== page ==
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transaction, they were separated, ' by Desfontaines' removal to Caen.

In July, 1697, Bezuel, while amusing himself in hay-making, near a friend's house, was seized with a fainting fit, after which he had a bad night. Notwithstanding this attack, he returned to the meadow next day, where he again underwent a deliquium. He again slept ill. On the succeeding day, while he was observing the man laying up the hay, he had a still more severe attack. “ I fell into a swoon : I lost my senses : “ one of the footmen perceived it, and “ called out for help. They recovered “me a little, but my mind was more “ disordered than it had been before, “ I was told that they asked me then “ what ailed me, and that I answered I have seen what I thought I should

But I neither remember the question, nor the answer. However, “ it agrees with what I remember I saw

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never see.

“ then, a naked man in half length; 66 but I knew him not.

They helped me to go down the “ ladder; I held the steps fast; but because I saw Desfontaines my school“ fellow at the bottom of the ladder, I “ had again a fainting fit: my head got “ between two steps, and I again lost “ my senses. They let me down, and • set me upon a large beam, which “ served for a seat in the great Place de Capucins. I sat upon it, and then I

no longer saw Mr. de Sortoville, nor “ his servants, though they were present. And perceiving Desfontaines near the foot of the ladder, who made me a sign to come to him, I went back

upon my seat, as it were to make “ room for him; and those who saw

me, and whom I did not see, though

my eyes were open, observed that " motion.

“ Because he did not come, I got up “ to go to him: he came up to me, took “ hold of my left arm with his right

hand, and carried me thirty paces “ farther into a by-lane, holding me


“ The servants believing that I was “ well again, went to their business,

except a little foot-boy, who told Mr. “ de Sortoville, that I was talking to

myself. Mr. de Sortoville thought I

was drunk. He came near me, and “ heard me ask some questions, and “ return some answers, as he told me " since,

I am

I talked with Desfontaines nearly “three quarters of an hour. I promised you, said he, that if I died before

yoll, “ I would come and tell you so. “ dead: I was drowned in the river of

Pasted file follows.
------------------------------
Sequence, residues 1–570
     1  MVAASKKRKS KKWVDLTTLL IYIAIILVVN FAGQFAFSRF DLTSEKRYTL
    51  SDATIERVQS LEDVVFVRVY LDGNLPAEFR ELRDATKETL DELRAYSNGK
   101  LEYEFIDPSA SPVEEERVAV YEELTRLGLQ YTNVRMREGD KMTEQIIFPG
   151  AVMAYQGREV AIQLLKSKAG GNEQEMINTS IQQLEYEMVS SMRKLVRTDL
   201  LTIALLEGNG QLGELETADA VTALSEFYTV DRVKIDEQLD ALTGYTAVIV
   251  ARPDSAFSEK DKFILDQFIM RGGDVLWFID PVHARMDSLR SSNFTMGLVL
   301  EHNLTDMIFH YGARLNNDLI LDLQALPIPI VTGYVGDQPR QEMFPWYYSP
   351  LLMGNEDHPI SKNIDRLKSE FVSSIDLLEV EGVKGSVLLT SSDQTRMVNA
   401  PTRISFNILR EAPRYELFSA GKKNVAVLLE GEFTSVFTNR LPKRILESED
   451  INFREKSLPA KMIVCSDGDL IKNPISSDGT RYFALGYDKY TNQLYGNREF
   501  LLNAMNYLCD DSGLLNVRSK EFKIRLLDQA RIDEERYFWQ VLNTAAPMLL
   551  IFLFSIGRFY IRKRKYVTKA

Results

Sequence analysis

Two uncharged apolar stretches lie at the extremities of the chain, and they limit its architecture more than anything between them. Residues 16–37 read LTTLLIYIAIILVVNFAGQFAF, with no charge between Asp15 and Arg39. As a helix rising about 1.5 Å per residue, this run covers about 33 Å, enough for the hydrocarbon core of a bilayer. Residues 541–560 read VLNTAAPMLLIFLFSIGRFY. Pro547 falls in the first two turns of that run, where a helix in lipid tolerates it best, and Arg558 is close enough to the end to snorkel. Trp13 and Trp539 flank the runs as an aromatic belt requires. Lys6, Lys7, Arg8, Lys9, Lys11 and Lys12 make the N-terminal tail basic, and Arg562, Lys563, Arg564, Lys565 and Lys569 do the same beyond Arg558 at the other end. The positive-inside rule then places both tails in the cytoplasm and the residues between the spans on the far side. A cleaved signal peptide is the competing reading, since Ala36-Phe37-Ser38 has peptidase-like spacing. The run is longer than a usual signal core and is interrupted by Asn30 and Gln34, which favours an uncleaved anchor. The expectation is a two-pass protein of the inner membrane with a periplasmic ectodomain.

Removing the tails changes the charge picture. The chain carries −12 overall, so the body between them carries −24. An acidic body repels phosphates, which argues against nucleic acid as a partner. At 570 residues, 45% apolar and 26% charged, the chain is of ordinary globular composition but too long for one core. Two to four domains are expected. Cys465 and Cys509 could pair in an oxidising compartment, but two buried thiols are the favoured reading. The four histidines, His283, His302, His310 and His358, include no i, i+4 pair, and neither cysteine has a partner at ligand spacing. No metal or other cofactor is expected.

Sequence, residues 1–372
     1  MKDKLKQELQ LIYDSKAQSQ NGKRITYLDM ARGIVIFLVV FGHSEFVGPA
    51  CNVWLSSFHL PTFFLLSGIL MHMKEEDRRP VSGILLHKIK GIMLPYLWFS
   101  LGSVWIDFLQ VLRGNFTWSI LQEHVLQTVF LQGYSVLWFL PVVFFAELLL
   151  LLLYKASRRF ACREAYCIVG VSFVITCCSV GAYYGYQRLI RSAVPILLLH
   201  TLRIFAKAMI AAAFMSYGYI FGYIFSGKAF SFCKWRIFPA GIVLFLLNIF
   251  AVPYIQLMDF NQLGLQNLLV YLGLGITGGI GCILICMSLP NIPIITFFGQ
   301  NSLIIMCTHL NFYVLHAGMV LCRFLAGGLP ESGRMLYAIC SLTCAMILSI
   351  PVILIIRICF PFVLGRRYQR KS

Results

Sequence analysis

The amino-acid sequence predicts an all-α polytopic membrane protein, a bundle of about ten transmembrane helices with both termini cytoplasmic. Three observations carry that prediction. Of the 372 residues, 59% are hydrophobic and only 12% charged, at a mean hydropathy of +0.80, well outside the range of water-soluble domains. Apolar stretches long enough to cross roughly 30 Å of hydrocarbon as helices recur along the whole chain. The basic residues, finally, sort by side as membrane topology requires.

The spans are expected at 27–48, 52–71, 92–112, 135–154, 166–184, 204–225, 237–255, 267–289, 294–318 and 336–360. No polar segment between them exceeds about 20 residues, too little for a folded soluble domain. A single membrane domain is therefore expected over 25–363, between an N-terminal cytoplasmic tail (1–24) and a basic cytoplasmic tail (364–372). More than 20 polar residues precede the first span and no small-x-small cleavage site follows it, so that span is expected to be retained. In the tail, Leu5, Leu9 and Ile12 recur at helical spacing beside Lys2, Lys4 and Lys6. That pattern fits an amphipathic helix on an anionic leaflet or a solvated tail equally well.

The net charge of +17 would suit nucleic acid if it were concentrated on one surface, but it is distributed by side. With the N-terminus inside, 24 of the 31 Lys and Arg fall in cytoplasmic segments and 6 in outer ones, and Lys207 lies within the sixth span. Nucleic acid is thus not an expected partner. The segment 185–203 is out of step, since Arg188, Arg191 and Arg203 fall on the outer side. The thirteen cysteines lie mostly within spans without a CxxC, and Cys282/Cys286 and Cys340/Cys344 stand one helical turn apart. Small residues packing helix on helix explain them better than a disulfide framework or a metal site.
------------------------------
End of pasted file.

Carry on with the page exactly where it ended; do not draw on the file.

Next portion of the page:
Caen, yesterday, about this hour. I *« was walking with such and such per

“sons. It was very hot weather ; the “ fancy took us to go into the water ; “I grew faint, and sunk to the bottom “ of the river. The Abbé Meniljean, “ my school-fellow, dived to take me “ up. I took hold of his foot; but “ whether he was afraid, or had a mind to rise to the top of the water, he “ struck out his leg so violently, that he “ gave me a blow on the breast, and “ threw me again to the bottom of the “ river, which is there very deep...

* * * * * * * * * * * * * * * * “ He always appeared to me taller than I had seen him, and even taller than “ he was when he died. I always saw “ him in half-length, and naked, bare“ headed, with his fine light hair, and “ a white paper upon his forehead “ twisted in his hair, on which there “ was a writing, but I could only read In &c..”*

* Memoirs de Trevoux, T. viii.-1726.

These spectral impressions were repeated more than once, with conversations. The accidental death of the

young man was ascertained very quickly.

This story was published by the celé brated Abbé de St. Pierre, who con cluded, very justly, that the whole-ap pearances might be explained from natural causes, though he failed in his mode of deduction.

The first impression was evidently occasioned by Bezuel's fainting. I know, from my own experience, as well as that of others, that the approach of syncope is sometimes attended with a spectral appearance, which I believe is always a recollected image. But the subsequent attacks, in this case, appear to have been delirious; there can be little doubt that Bezuel was deceived in the length of his supposed dialogue with

We know well, how fal

the spectre.

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